But I pre­fer to eat more clas­si­cally Caribbean, which couldn’t be a more dif­fer­ent ex­pe­ri­ence. At the mar­ket in Marigot, there’s seafood fresh from the fish­mon­gers, bot­tles of lo­cal rum crammed with fresh fruit (I rec­om­mend the pas­sion­fruit) and spice stalls piled high with red cayenne pep­per, turmeric and bound cin­na­mon sticks. I take a seat at Cisca’s Del­i­cacy, where the wait­resses plonks down heav­ing plat­ters crammed with jerk chicken, rice, peas, potato salad, lime, fried plan­tain and fried fish pat­ties. (No­body’s go­ing to body-shame you here.)

In Grand Case, I eat as of­ten as I can at the hud­dle of lo­los, or lit­tle restau­rants, on the beach, where open grills throw up plumes of sweet smoke. At Cynthia’s Talk of the Town, big women in bright T-shirts and hair­nets ferry gi­ant plates of bar­be­cued chicken and ribs among a chaotic buzz of ta­bles. At Love Bar, a hip­ster hang-out with a collection of ran­dom seats on the beach, I lie on cush­ions drink­ing guava co­ladas.

Then I go wan­der­ing down Grand Case’s main street, look­ing through rails of chif­fon in pretty bou­tiques run by French expats. On Tues­day nights, Mardi Gras erupts, fill­ing the streets with the sound of steel drums.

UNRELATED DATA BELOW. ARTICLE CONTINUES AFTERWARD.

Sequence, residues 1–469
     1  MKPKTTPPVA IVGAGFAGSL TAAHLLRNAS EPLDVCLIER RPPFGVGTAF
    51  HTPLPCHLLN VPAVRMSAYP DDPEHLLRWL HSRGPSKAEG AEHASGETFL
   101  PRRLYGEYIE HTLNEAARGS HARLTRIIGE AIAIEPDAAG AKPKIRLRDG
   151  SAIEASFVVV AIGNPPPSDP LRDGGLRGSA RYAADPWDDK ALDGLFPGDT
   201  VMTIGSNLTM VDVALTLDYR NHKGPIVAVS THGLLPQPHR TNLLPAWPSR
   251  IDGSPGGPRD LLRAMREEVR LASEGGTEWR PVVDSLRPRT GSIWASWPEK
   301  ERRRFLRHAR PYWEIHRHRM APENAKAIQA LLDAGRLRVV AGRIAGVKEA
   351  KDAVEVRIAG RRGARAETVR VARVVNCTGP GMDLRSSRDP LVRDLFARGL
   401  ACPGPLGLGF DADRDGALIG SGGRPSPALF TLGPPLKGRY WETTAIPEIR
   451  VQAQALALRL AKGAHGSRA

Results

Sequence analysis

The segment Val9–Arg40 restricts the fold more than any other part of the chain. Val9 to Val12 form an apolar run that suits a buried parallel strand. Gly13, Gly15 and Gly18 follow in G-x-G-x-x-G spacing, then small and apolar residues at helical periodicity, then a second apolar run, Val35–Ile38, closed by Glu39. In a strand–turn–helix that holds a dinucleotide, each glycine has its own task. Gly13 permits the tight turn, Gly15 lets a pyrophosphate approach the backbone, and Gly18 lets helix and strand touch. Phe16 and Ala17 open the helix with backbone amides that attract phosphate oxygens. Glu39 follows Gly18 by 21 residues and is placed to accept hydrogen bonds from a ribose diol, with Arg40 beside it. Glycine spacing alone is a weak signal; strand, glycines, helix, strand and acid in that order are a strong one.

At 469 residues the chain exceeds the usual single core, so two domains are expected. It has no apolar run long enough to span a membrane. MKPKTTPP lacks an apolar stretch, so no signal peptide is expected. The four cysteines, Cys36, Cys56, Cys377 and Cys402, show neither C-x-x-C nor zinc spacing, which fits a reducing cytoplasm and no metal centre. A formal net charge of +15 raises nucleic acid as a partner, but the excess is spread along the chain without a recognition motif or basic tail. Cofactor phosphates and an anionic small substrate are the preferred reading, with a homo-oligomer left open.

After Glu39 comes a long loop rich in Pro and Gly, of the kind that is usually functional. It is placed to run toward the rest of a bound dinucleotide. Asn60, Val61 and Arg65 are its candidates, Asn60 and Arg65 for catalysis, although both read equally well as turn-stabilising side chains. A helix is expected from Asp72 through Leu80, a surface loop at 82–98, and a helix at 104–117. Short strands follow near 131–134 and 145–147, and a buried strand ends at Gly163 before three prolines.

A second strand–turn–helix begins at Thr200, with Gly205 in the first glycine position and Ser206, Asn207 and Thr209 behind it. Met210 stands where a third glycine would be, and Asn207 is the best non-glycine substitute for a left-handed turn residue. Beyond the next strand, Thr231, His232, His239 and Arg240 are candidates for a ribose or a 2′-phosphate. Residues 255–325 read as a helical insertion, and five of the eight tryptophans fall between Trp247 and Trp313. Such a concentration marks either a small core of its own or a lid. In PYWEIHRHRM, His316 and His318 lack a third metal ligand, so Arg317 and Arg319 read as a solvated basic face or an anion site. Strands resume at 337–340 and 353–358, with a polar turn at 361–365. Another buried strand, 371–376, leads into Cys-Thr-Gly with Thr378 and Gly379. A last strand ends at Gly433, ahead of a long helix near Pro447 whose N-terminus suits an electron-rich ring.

By day, all you need is the beach. At Ori­ent Bay, watch geckos dig­ging in the sand from the pri­vate ca­bana of a white­washed beach club and swim in wa­ter so thick with fish you just stretch out your arms to touch them. This se­duc­tive blend of up­beat and el­e­gant is the per­fect pre­con­di­tion for the SXM fes­ti­val, the rea­son I am here.

I can now con­firm this is the coolest dance party in the Caribbean. What’s not to like about rav­ing in par­adise, es­pe­cially with peo­ple who have musical taste as good as the French? The event at­tracts big-name in­ter­na­tional elec­tronic dance mu­sic DJs and hun­dreds of rev­ellers to dance in the sand, but still feels like an in­ti­mate gathering com­pared with many of Europe’s fes­ti­vals.

It’s held over five days at venues scat­tered over the is­land, with the main site at Happy Bay, a se­cluded sandy stretch where DJs play from a stage built from co­conut palms, flooded neon pink and backed by the ocean. There is break­beat, techno and house, with hard-core rav­ing and af­ter-par­ties that carry on all night, and yet the fes­ti­val main­tains a re­laxed Caribbean vibe. On the beach, be­side mango trees hung with dream­catch­ers, there is a drinks stall where a guy with a ma­chete cleaves open a co­conut for me and fills it with rum. Then I go to watch Jamie Jones or Guy Ger­ber on the decks.

Why did no one tell me about the French Caribbean be­fore now? I sup­pose no one thought I could af­ford it. The next is­land along is St Barts, which pulls in mil­lion­aires, Rus­sians and new rel­a­tives of Pippa Mid­dle­ton.

St Martin isn’t cheap, but given how much you could drop on a hol­i­day in the Riviera, there’s no com­par­i­son.

Katie Glass was a guest of the SXM fes­ti­val and the St Martin Tourist Of­fice.

THE SUN­DAY TIMES

Shops and restau­rants by the har­bour in Marigot, main; the beach at Happy Bay, Grand Case; shops at Grand Case vil­lage, left; Palm Beach Lounge Restau­rant, Ori­ent Bay, below